In this work of historical fiction, Graham recounts the fall of the viscious empire of the Aztecs at the hands of the Conquistadors. This is his theory on what really happened based on his own archeological and anthropological work. I am just starting this book in anticipation of my trip to Mexico next year. So far it is a wonderful reminder that America was home to advanced, artistic, and beautifully complex societies before Europeans showed up. And, a good reminder that the Aztecs were a bloody bunch. Just pages in on this so time will tell.
Paleo Manifesto by John Durant
This is one man’s journey to find out what is the best way for humans to live. Through interviews with experts and personal experimentation, John develops his own method of diet and exercise. There is a lot valuable here. Chiefly, it’s your responsibility to experiment with what is best for your body. First you must be aware and knowledgeable. This book is a good place to start with ideas on ways to change your life for the better, why it may make sense, and how it is possible even in today’s society.
La Guia Definitiva de Bikram Yoga by Bikram Choudhury
One of the best ways to stimulate our brains is to learn a new language. Right now, I am preparing myself to learn as much Spanish as possible over winter and before I head to Mexico at the end of January. I will be using this simple yoga instructional guide to learn key vocabulary. For me it is important that I use a subject which interests me and that I already know somewhat well. So, the transference to my regular physical yoga practice and understanding of the genre’s phrases and vocabulary will help with quicker uptake. This is a method suggested by Tim Ferriss. I used it and his other suggestions before to become conversational in Brazilian Portuguese in just two months.
Waking Up by Sam Harris
How can we take the best of religion and chuck the rest of it? Sam Harris shares his theory and personal practices in this book. Sam warns of some of the pitfalls of modern day religions, but suggests that humans can keep spirituality without needing dangerous doctrine. He explores the concepts of meditation, the self and ego, and a rational scientific approach to self-transcendence. I am just starting this book, so I can’t say much more than that. It is an interesting meeting of science and spiritual practice.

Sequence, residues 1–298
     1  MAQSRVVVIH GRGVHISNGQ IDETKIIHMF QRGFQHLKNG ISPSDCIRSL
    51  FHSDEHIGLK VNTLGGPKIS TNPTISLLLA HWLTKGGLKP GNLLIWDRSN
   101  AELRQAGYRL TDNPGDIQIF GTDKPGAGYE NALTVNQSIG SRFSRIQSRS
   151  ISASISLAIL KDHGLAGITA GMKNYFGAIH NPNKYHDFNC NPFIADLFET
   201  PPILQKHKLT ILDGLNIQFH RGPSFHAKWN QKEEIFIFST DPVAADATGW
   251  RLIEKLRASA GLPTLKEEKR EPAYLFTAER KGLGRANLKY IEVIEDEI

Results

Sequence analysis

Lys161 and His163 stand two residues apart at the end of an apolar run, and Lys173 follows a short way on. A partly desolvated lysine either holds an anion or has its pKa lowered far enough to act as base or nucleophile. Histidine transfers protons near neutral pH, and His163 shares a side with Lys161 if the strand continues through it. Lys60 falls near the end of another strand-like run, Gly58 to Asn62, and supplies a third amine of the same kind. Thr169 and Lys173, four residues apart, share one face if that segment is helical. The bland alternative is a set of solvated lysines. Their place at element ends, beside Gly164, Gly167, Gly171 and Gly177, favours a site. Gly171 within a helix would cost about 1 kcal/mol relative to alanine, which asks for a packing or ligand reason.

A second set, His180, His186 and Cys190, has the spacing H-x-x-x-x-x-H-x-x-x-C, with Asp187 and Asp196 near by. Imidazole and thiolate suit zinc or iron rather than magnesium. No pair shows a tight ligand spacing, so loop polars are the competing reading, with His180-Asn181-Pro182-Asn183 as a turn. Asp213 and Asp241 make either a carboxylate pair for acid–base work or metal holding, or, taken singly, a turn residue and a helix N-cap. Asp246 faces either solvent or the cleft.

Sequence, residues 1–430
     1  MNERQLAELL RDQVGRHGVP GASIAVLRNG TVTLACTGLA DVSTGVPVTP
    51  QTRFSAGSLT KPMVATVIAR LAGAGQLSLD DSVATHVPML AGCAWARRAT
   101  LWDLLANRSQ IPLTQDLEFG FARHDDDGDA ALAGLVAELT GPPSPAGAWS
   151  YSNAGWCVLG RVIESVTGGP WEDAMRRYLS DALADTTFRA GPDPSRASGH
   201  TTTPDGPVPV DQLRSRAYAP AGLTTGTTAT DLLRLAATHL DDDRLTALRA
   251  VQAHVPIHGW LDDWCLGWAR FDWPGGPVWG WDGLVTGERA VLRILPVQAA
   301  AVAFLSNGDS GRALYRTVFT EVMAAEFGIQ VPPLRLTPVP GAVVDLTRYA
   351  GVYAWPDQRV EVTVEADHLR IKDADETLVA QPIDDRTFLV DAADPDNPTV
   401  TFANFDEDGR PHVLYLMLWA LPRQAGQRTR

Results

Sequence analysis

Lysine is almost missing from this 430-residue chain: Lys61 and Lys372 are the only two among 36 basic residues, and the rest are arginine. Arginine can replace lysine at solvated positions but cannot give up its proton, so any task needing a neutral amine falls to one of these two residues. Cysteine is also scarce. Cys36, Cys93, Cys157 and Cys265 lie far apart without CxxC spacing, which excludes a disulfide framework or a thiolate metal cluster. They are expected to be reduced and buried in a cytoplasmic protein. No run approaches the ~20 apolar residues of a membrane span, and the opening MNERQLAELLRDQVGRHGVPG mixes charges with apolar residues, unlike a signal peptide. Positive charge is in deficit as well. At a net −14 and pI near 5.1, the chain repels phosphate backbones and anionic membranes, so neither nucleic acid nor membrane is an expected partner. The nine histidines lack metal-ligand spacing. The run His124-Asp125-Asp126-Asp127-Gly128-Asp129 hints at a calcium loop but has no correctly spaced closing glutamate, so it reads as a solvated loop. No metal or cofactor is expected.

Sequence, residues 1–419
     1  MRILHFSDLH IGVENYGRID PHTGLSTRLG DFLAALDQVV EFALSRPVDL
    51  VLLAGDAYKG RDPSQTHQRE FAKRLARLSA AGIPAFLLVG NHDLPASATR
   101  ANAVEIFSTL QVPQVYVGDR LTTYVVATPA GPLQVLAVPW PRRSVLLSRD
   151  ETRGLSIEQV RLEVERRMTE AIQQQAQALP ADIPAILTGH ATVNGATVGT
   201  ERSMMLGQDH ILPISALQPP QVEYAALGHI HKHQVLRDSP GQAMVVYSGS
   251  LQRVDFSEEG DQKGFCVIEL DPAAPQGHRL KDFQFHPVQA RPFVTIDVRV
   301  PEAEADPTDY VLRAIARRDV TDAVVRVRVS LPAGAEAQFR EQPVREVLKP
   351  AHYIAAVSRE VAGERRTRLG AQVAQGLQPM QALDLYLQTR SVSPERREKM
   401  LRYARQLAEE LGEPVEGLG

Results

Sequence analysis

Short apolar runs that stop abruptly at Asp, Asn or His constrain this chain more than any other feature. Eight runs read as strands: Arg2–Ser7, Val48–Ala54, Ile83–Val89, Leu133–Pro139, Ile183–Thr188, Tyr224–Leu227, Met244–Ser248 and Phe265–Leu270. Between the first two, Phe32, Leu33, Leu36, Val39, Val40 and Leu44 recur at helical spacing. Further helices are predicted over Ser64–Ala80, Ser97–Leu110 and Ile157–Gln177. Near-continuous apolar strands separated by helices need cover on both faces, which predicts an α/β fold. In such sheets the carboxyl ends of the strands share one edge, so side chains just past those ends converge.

Who by Geoff Smart and Randy Street
If you are ever going to hire anyone, read this book. A baby-sitter, an accountant, a house cleaner, a contracter, anyone. I have never read a business book as quickly as I read this one. Very concisely, the authors deliver a tried and true method that takes the guesswork out of hiring. Between the instructive text, you’ll enjoy brief meaningful stories from very successful managers that illuminate again and again the importance of investing time upfront to attracting and selecting the right people for your job. Even if you aren’t actively engaged in the “business” world, I find this to be a good reminder that the people decisions we make will be more impactful and are more important than anything else in life.
The Last Kingdom (Saxon Tales Series) by Bernard Cromwell
Since Game of Thrones has been all the rage with the kids these days, I recommend this series by Bernard Cromwell. This is an exciting series that follows a single warrior through the battles between England and the invading Scandinavians in the 9th and 10th century. It is heroic and human, full of adventure, love and loss. It is a story of clashing cultures and swords, a story of the warrior way, a story of a shift in history that has affected all of us in the Western World. At the end of each book, Bernard recounts the historical facts on which he based his story. Great to bundle up and read for an entire day (and all winter if you take on the whole series).
Call of the Wild, White Fang and Other Stories by Jack London
I came across this book of Jack London writing in a thrift shop. I’d have to say he is by far one of my favorite writers. He is simple in his prose. Hard and straight. His tales are of a struggle for life in some of the toughest conditions imaginable. His tales are terrible and beautiful, some of dying and some of transforming, all in the harshness of nature. I can’t get enough of his stories in the Yukon or through the eyes of animals. Perfect reading for a life in the mountains with the howls of wolves warning from the ridgetops.
Enjoy and let me know what books you have on your winter list.